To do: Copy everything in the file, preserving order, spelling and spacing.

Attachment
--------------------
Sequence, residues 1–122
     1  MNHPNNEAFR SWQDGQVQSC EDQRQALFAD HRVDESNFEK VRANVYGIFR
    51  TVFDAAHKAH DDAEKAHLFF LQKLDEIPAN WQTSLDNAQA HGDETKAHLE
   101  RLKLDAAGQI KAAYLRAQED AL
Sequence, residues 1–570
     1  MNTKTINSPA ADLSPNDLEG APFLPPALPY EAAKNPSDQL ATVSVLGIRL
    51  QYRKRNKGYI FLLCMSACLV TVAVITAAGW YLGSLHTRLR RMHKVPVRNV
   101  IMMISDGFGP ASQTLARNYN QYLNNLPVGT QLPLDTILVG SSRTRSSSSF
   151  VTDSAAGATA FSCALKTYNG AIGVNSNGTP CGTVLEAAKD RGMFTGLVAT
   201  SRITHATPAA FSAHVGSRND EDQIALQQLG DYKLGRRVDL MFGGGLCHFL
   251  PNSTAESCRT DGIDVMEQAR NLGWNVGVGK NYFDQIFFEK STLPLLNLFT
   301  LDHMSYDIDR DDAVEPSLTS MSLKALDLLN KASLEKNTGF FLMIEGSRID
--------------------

Sequence, residues 1–122
     1  MNHPNNEAFR SWQDGQVQSC EDQRQALFAD HRVDESNFEK VRANVYGIFR
    51  TVFDAAHKAH DDAEKAHLFF LQKLDEIPAN WQTSLDNAQA HGDETKAHLE
   101  RLKLDAAGQI KAAYLRAQED AL
Sequence, residues 1–570
     1  MNTKTINSPA ADLSPNDLEG APFLPPALPY EAAKNPSDQL ATVSVLGIRL
    51  QYRKRNKGYI FLLCMSACLV TVAVITAAGW YLGSLHTRLR RMHKVPVRNV
   101  IMMISDGFGP ASQTLARNYN QYLNNLPVGT QLPLDTILVG SSRTRSSSSF
   151  VTDSAAGATA FSCALKTYNG AIGVNSNGTP CGTVLEAAKD RGMFTGLVAT
   201  SRITHATPAA FSAHVGSRND EDQIALQQLG DYKLGRRVDL MFGGGLCHFL
   251  PNSTAESCRT DGIDVMEQAR NLGWNVGVGK NYFDQIFFEK STLPLLNLFT
   301  LDHMSYDIDR DDAVEPSLTS MSLKALDLLN KASLEKNTGF FLMIEGSRID